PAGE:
'Things are going wrong': Stand-in plastics can harm eggs and sperm
Advertisement

'Things are going wrong': Stand-in plastics can harm eggs and sperm

The safety of BPA-free plastic is being questioned after new research suggested any plastic with signs of ageing or damage could be harmful.

A study which tested the impact of "BPA-free" products on mice, indicates they have almost the same effects on reproduction as BPA itself.

The dangers of BPA plastics have been known for a while. Now there's a fresh threat.

The dangers of BPA plastics have been known for a while. Now there's a fresh threat.

Photo: Washington Post

BPA-free or not, "plastic products that show physical signs of damage or ageing cannot be considered safe,” says Professor Patricia Hunt, the Washington State University researcher who led the study.

But other researchers caution that just because these chemicals are bad for mice, it does not necessarily mean they are bad for humans.

BPA (Bisphenol A) is found in many plastic bottles, receipts and food packaging. After public concerns grew about its health impacts, manufacturers have replaced it with similar chemicals including BPS, BPF and BPAF.

Advertisement

But there is a growing body of evidence that mice, zebrafish, rats and human cells are affected by exposure to these replacement chemicals.

In humans, large studies have found sperm counts have fallen by as much as 60 per cent in the Western world in the past four decades.

Some scientists have linked that to exposure to chemicals such as BPA – they even believe chemicals in plastics are increasing penis defects and shrinking human penis sizes.

But the research community is split on whether they truly are having an effect on human health.

Loading

“Rats and mice process BPA – and probably BPS – very, very differently to humans,” says Dr Amy Heffernan, a chartered member of the Royal Australian Chemical Institute and expert in BPA.

“The human body is excellent at detoxifying chemicals of all sorts. Because BPA is so rapidly metabolised by the body, we have nothing to worry about.”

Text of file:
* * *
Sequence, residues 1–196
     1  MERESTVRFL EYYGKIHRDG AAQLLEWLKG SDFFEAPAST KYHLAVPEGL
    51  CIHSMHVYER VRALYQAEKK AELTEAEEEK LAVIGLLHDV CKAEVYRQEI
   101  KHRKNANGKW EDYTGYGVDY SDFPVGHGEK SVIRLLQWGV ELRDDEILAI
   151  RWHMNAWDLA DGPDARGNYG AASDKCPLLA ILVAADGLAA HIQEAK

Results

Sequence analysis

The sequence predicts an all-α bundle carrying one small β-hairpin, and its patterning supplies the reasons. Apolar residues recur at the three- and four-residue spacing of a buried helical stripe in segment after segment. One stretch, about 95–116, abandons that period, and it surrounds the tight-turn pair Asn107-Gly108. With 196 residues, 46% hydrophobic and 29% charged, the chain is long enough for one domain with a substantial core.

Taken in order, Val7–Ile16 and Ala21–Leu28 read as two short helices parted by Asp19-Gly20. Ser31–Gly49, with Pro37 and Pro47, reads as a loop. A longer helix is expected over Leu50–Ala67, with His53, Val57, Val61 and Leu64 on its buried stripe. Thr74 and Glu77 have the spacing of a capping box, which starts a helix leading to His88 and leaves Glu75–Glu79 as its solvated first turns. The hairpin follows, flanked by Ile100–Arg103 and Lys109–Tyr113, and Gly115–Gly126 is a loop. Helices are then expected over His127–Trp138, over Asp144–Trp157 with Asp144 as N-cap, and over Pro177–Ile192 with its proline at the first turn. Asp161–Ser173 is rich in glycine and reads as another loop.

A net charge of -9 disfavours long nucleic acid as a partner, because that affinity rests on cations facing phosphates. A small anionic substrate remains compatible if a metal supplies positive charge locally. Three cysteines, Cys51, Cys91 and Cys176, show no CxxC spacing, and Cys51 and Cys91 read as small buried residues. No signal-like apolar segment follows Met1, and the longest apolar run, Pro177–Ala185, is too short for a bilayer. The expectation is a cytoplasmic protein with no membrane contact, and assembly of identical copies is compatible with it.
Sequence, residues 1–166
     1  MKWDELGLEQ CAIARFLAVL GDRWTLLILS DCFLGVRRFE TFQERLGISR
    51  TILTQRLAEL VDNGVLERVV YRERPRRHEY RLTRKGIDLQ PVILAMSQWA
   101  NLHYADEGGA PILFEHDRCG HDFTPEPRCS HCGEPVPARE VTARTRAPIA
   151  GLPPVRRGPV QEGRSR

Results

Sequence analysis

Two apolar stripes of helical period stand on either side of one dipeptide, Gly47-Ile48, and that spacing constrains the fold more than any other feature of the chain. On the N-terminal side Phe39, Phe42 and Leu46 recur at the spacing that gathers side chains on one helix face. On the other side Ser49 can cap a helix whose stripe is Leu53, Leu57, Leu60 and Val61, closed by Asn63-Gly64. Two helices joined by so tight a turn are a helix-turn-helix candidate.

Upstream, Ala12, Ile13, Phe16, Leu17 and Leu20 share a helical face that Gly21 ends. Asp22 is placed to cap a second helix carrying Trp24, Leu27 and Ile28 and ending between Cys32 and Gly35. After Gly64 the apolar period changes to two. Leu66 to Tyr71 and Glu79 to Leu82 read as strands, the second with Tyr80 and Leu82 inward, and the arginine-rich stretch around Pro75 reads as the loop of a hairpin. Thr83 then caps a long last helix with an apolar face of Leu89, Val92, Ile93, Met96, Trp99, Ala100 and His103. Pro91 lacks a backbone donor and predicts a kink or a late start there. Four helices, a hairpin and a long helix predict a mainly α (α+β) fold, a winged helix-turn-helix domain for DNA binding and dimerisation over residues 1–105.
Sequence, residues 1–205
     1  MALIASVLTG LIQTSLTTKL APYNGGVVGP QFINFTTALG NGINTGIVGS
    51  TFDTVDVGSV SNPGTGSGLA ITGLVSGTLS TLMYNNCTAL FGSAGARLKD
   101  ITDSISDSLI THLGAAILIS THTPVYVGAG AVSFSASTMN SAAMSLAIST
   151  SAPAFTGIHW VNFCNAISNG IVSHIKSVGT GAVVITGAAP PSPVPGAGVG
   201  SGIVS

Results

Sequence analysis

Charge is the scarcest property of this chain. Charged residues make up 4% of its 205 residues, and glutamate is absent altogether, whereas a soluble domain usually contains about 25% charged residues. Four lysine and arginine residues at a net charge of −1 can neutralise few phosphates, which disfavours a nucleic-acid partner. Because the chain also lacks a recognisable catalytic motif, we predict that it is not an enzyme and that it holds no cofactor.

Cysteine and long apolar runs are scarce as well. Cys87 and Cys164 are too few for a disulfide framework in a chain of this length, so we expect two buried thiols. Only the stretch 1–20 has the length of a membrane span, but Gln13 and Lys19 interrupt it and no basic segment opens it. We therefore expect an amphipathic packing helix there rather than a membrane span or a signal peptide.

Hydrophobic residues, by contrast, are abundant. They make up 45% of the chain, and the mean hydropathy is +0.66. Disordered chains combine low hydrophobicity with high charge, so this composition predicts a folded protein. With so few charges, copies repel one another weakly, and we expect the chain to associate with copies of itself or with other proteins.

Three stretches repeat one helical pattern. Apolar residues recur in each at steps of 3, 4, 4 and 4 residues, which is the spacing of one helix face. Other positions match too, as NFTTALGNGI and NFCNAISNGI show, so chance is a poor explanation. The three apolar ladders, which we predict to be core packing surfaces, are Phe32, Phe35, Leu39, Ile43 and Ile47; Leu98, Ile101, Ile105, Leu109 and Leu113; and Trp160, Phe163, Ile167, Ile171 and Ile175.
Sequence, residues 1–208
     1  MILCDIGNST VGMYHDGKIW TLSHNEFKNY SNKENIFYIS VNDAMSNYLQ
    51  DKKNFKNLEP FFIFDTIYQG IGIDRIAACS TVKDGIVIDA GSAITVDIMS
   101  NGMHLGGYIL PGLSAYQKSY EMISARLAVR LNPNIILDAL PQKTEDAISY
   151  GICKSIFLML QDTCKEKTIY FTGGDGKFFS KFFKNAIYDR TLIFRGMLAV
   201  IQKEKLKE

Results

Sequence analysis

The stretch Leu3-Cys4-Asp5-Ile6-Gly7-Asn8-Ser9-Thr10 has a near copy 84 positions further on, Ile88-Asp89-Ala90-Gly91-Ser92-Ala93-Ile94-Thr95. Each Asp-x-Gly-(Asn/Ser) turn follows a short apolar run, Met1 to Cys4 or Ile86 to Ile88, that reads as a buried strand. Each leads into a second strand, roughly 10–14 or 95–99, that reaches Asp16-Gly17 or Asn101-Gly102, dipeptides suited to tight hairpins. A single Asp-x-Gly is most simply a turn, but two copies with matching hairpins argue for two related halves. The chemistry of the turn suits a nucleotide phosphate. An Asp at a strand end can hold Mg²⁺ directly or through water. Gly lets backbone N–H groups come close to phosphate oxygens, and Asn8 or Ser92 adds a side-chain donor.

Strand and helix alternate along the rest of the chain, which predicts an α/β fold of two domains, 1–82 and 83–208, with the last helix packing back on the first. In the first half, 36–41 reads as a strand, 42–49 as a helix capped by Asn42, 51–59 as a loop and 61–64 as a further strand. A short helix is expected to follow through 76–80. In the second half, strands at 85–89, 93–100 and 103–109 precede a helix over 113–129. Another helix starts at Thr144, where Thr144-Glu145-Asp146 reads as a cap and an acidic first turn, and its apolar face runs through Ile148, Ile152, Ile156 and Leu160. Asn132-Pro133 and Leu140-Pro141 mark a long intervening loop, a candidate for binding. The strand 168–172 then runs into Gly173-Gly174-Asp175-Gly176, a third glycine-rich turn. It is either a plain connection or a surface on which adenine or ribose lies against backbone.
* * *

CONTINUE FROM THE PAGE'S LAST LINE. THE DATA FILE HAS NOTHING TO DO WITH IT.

It was Professor Hunt's lab that first revealed to the world the damage BPA can do to a mouse's reproductive cells.

Back in 1998, the lab noticed something odd was going on with its mice. The egg cells in juvenile female rats did not look right – their chromosomes were all scrambled up.

This image, from the Hunt lab's 2003 paper, shows mouse oocyte cells. Image A is normal. Image B shows the type of abnormalities exposure to BPA can induce.

This image, from the Hunt lab's 2003 paper, shows mouse oocyte cells. Image A is normal. Image B shows the type of abnormalities exposure to BPA can induce.

Photo: Current Biology / Supplied

They couldn’t work out what it was, until someone thought to look at the cages – and found the plastic was starting to wear down. Bits were flaking off and getting into the mice’s food.

Now, 15 years later, it is happening again.

“It was like Groundhog Day,” says Tegan Horan, the paper’s lead author.

“We were doing a normal experiment, and suddenly all our data started to look strange – like we were getting another exposure.”

And they were.

An undamaged cage, left, and a degraded cage, right, from the research lab.

An undamaged cage, left, and a degraded cage, right, from the research lab.

Photo: Cell Press / Supplied

They eventually traced the source to a white residue on the plastic cages. The residue turned out to be BPS (Bisphenol S), a chemical manufacturers have introduced to replace BPA since the world became concerned about its health impacts.

To determine BPS was the culprit, the team then gave mice tiny doses of the chemical, as well as BPF and BPAF, two other BPA replacements. The doses were way below safe daily intake levels set by governments.

All the chemicals had effects nearly identical to BPA.

“These are pretty subtle effects. We like to think of them as canaries in the coal mine. They are really just the first sign that things are going wrong,” says Ms Horan.